We’re pleased to start 2017 with three new Scottish Archaeological Internet Reports, available now through ADS.
The latest papers to be added to our Open Access collection, which publishes significant excavation reports and large-scale surveys, present the results of an extensive sequence of archaeological investigations from the landscape of Loch Tay; the discovery of two Early Bronze Age cists near Stonehaven; and the unearthing of prehistoric features on Knocknagael Farm near Inverness. For more details, and to access the papers, please see the details below.
SAIR 62 Ben Lawers: An Archaeological Landscape in Time. Results from the Ben Lawers Historic Landscape Project, 1996-2005
This volume presents the results of archaeological investigations between 1996 and 2005, carried out as part of the Ben Lawers Historic Landscape Project, a multi-disciplinary project based on north Loch Tayside in the Central Highlands of Scotland. Archaeological surveys and excavations formed the core of the Ben Lawers Project, but many other disciplines also contributed to researching this landscape. Some of these partner projects are reported here, while others have been presented elsewhere (Tipping et al 2009), and some have formed part of doctoral research projects (Watters 2007). The results of the 13 field seasons, particularly the nine evaluation and excavation seasons, together with the results of the partner projects, specialist studies and scientific analyses, have provided a body of evidence which permits the story of the land of Lawers to be told. The historical continuum in that story can be used to curate and manage this landscape for generations to come.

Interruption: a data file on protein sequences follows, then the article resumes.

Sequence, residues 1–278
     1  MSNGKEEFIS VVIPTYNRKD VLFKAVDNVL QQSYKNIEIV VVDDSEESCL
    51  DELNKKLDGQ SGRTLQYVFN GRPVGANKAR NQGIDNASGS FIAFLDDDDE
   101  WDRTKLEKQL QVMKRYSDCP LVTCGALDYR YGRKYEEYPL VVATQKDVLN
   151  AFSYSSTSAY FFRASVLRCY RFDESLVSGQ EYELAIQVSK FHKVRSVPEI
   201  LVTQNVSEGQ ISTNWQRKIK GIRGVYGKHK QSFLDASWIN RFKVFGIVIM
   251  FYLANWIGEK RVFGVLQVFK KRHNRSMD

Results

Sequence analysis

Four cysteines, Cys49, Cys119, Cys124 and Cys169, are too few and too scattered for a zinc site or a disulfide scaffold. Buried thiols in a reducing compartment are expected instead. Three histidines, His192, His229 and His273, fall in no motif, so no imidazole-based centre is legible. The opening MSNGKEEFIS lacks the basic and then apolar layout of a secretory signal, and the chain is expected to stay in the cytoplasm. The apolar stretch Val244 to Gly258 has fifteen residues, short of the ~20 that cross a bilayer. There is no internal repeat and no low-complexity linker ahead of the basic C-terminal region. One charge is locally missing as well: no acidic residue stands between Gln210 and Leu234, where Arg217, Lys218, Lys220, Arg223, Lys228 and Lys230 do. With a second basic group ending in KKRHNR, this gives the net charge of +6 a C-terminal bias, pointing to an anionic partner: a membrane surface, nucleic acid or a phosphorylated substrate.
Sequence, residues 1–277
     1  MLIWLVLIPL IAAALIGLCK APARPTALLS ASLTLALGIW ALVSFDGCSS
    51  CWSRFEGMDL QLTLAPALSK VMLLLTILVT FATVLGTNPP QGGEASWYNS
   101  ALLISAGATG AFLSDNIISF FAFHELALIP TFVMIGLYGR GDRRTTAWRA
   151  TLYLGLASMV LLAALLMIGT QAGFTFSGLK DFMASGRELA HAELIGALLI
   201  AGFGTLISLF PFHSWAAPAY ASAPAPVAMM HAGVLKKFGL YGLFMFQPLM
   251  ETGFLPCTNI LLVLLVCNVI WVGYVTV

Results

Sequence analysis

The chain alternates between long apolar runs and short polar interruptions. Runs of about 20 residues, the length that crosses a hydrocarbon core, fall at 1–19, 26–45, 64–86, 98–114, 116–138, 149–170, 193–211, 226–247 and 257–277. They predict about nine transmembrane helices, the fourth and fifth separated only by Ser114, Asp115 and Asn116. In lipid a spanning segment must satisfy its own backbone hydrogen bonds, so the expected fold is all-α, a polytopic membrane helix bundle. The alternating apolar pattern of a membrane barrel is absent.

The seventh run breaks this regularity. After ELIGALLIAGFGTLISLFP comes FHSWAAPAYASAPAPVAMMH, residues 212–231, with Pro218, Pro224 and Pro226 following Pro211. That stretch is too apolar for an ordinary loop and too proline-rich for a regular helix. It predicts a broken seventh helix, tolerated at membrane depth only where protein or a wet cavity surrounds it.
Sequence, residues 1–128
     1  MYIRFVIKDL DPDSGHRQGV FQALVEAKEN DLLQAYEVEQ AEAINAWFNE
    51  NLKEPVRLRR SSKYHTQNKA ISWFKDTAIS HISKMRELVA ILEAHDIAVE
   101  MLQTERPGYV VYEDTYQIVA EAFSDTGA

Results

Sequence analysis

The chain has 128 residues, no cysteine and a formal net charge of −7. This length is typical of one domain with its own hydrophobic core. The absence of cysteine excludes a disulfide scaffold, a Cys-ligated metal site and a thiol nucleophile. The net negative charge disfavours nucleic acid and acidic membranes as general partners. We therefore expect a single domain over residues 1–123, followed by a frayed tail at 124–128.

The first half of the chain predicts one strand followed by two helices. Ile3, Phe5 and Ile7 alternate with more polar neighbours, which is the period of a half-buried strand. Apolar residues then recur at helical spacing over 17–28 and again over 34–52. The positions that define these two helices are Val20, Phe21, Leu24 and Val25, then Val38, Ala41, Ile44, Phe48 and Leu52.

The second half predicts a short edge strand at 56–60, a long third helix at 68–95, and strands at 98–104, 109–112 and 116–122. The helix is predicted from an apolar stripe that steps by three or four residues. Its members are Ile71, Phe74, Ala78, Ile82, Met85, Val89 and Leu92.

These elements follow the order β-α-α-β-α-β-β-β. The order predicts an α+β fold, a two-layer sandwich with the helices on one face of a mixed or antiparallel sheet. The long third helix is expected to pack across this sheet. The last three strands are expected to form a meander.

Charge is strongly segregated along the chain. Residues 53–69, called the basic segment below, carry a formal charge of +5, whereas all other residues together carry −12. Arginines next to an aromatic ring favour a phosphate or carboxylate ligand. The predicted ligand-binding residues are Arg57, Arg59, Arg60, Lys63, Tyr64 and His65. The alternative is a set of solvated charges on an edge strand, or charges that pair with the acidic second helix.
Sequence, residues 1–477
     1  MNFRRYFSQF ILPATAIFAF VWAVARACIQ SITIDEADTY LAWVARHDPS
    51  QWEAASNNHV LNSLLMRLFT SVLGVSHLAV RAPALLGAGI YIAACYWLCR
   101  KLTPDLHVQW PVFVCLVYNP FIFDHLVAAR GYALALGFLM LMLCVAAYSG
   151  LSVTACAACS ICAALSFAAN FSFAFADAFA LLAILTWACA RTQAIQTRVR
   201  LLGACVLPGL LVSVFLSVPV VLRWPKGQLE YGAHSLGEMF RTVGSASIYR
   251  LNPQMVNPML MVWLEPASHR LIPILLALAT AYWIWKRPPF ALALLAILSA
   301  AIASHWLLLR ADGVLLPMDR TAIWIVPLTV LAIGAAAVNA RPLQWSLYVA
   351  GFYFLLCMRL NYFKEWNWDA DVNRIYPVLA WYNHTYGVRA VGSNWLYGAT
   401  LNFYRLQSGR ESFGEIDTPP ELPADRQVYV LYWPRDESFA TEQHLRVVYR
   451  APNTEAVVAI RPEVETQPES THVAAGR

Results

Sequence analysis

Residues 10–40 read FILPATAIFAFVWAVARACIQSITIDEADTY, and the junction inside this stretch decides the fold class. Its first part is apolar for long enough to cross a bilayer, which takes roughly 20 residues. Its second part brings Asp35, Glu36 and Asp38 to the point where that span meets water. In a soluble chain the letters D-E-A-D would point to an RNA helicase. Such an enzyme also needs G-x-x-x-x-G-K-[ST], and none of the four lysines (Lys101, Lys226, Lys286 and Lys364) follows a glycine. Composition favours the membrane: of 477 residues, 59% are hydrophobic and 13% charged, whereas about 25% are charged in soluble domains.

SAIR 63 Excavation of two Early Bronze Age Short Cists and a Prehistoric Pit at Lindsayfield, near Stonehaven, Aberdeenshire
Two short cists of Early Bronze Age date, containing prehistoric flint artefacts and shale/cannel coal beads, were discovered during topsoiling operations for the Aberdeen to Lochside Natural Gas Pipeline, to the south of Lindsayfield, near Stonehaven, Aberdeenshire. Cremated human bone from one of the cists was radiocarbon dated to the first half of the 2nd millennium BC. A pit which contained broadly contemporary prehistoric flint artefacts and pottery was found nearby. The fieldwork and post-excavation work were funded by National Grid Transco.
SAIR 64 Relieving Floods, Revealing History: Early Prehistoric Activity at Knocknagael Farm, Inverness
A programme of archaeological work prior to the construction of a flood-relief channel at Knocknagael Farm, south-west of Inverness, revealed a series of prehistoric features including pits, hearths, fire-spots and possible structural features. Finds included sherds from a Neolithic bowl and a Bronze Age cordoned urn. Palaeo-botanical remains were present in many features and included the carbonised remains of cereal grains including naked six-row barley and spelt. Radiocarbon dating revealed that activity at the site ranged from the 7th millennium BC to the 1st millennium AD. This is one of the earliest dates yet obtained from the Culduthel valley, which has already produced much evidence of prehistoric activity including the high-status Iron Age site of Culduthel Farm (Highland HER MHG49950).
Remember, all SAIR papers are published Open Access and are freely available to read at ADS! You can see the full list of previous publications here.
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